I had already processed all of those thoughts of my imminent poker stardom when someone a few seats to my left decided to kick in a raise. It was more than a min-raise, and it was carefully calculated (I see now) to be a little less than half my stack. 

Thoughts of one's own poker greatness make one more likely to call a raise like that. Last round's raiser called, and then it came back around to me. 

Seeing the turn wouldn't cripple me entirely, even if it wasn't the spade or pair that I was hoping for. Right? My chips made a particularly piercing clatter as they splashed the pot. 

I took a deep breath and exhaled as the turn hit the felt: 9h, each red pip searing my retinas. This wasn't what I wanted. It wasn't what I deserved. I had been so patient, so trusting. And what of my superstardom? Suddenly, it was all shit. 

All I'd wanted was to play, but it turned out that I hadn't been ready even for that. To play with true confidence, one must be prepared to lose everything--I learned that lesson the moment I saw that red 9, too late of course. The hand I'd faithfully held had betrayed me, and even though I'd had every reason to expect it, my stomach still ached with surprise, grief, and surprise at the intensity of my grief.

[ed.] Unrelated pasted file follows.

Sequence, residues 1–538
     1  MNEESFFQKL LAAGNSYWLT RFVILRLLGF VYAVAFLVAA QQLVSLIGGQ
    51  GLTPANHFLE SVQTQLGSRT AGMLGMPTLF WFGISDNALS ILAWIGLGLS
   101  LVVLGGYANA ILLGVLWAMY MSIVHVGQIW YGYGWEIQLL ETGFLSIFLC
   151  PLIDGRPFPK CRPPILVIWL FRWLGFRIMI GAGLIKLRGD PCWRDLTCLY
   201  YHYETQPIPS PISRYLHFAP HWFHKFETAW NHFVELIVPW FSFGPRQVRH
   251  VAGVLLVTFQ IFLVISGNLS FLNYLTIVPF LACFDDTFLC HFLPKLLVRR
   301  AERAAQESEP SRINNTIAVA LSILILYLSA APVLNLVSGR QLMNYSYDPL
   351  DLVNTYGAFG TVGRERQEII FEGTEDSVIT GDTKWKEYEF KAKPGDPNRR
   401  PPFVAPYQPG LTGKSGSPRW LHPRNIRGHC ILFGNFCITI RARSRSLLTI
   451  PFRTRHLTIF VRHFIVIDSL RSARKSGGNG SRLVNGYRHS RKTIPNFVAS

My fingers instinctively reached for my stack, not to bet, but to shield it from further damage. I checked, and second-raiser put out another calculated bet--a quarter of my stack. First-raiser raised again, to about twice my stack. Even then I was calculating the pot odds in my head, though I could be fairly certain that any help I might get on the river would be too little, too late. With the other two players throwing chips around like that, I could be sure that at least one of them was concealing a jack for the straight. Any money I put into the pot now would be the price of being emotionally attached to my own bad decisions. 

So I let that hand go. 

There were a lot of confused faces around the table. My suited 7-2 was the kind of hand that looked like it might be worth something with a little luck. It looked so close to right that I had easily convinced myself (and everyone else) that I was holding a winning hand. I had stayed with it as long as I could have, longer than prudence would dictate, even. And when I laid the cards aside, I surprised everyone--including myself. 

I was the big blind for the next hand, and I checked it down until I had to fold. Then I was the small blind, and got a chance to fold in the first betting round. 

Life isn't full of rabbit-cams, so I'm not going to tell you what I was dealt when I was on the button. It's a good hand, though--a real one. You probably don't trust my poker sense after reading about how I played that first hand, but I learned a lot from it. More than you'd know. Ultimately, I already knew what made a hand good, but I ignored that knowledge in my eagerness to play the game. I didn't have to wait as long as I'd expected to wait for it, but I did wait for a good hand before making another move. I liked that hand so much that I put the rest of my stack in with it. And now, I'm feeling like I might win this tournament after all.